Encyclopedia of Educational Philosophy and Theory

2017 Edition
| Editors: Michael A. Peters

Children and Punishment

Reference work entry
DOI: https://doi.org/10.1007/978-981-287-588-4_299
In his legal model of punishment, Hart identified a number of conditions which had to be met for the correct application of the concept of punishment. For an application of the concept of punishment, these conditions had to be met (Hart 1968: 4 f.):
  1. 1.

    It must involve pain or other consequences normally considered unpleasant.

     
  2. 2.

    It must be for an offense against legal rules.

     
  3. 3.

    It must be of an actual or supposed offender for his offense.

     
  4. 4.

    It must be intentionally administered by human beings other than the offender.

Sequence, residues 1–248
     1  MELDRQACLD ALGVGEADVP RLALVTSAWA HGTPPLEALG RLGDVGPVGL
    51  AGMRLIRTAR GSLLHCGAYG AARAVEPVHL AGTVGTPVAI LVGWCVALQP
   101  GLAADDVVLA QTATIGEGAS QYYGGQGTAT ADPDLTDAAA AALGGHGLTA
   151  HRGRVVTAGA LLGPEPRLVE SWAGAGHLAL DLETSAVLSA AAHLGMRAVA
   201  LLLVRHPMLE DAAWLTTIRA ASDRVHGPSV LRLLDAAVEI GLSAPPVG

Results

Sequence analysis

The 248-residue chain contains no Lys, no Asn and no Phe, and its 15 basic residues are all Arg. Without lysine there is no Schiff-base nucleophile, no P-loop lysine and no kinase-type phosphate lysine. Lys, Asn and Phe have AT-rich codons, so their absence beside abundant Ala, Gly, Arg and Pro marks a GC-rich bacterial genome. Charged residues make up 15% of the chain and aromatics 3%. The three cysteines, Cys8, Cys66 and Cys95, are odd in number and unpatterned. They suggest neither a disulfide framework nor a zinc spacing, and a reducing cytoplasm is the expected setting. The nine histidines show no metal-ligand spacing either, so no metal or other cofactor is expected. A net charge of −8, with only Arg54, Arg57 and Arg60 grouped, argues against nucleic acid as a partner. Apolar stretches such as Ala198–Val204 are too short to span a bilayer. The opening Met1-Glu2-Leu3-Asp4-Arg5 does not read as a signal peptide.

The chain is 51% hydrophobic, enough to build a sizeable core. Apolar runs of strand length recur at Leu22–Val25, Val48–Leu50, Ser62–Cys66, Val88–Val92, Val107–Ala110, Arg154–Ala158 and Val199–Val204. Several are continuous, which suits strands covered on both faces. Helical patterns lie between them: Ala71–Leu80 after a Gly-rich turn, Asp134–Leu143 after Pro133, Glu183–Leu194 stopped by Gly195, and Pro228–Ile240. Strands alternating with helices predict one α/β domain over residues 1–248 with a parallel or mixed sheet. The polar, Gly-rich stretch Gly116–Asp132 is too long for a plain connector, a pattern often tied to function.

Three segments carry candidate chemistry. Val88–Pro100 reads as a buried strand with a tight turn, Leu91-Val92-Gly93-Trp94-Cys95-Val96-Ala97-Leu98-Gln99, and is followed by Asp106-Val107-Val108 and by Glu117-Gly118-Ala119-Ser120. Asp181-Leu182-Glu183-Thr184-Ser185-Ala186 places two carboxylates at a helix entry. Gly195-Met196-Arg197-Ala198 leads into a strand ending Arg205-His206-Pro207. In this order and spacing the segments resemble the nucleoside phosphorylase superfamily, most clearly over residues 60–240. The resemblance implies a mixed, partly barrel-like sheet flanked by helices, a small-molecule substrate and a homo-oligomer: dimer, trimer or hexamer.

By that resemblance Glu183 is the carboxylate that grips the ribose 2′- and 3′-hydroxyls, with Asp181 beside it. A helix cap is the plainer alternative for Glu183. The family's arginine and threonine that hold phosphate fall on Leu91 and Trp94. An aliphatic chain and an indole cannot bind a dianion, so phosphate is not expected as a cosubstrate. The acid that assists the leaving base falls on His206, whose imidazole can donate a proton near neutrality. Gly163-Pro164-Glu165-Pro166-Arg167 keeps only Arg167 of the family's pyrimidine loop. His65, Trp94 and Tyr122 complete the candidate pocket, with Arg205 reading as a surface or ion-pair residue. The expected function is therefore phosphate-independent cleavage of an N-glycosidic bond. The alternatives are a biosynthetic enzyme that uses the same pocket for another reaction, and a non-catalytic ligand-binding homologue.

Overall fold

5. 5.

    It must be imposed and administered by an authority constituted by a legal system against which the offense is committed.

     

In considering his legal model of punishment, Hart drew a distinction between standard cases and substandard or secondary cases of the use of punishment. For the accolade of standard to be applied, all five conditions listed above had to be met. Substandard cases were illustrated by Hart by the following cases or possibilities: pain or...

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References

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Copyright information

© Springer Science+Business Media Singapore 2017

Authors and Affiliations

  1. 1.The University of AucklandAucklandNew Zealand